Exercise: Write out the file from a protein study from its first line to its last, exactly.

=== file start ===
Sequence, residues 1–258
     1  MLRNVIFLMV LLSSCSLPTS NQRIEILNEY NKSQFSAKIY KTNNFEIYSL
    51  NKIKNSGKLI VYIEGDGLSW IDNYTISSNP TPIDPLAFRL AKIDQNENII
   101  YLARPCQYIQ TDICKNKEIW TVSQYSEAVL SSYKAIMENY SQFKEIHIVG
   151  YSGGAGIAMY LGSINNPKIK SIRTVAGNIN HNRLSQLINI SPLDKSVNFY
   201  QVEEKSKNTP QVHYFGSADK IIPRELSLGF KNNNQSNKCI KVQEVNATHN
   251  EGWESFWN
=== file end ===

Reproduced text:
Sequence, residues 1–258
     1  MLRNVIFLMV LLSSCSLPTS NQRIEILNEY NKSQFSAKIY KTNNFEIYSL
    51  NKIKNSGKLI VYIEGDGLSW IDNYTISSNP TPIDPLAFRL AKIDQNENII
   101  YLARPCQYIQ TDICKNKEIW TVSQYSEAVL SSYKAIMENY SQFKEIHIVG
   151  YSGGAGIAMY LGSINNPKIK SIRTVAGNIN HNRLSQLINI SPLDKSVNFY
   201  QVEEKSKNTP QVHYFGSADK IIPRELSLGF KNNNQSNKCI KVQEVNATHN
   251  EGWESFWN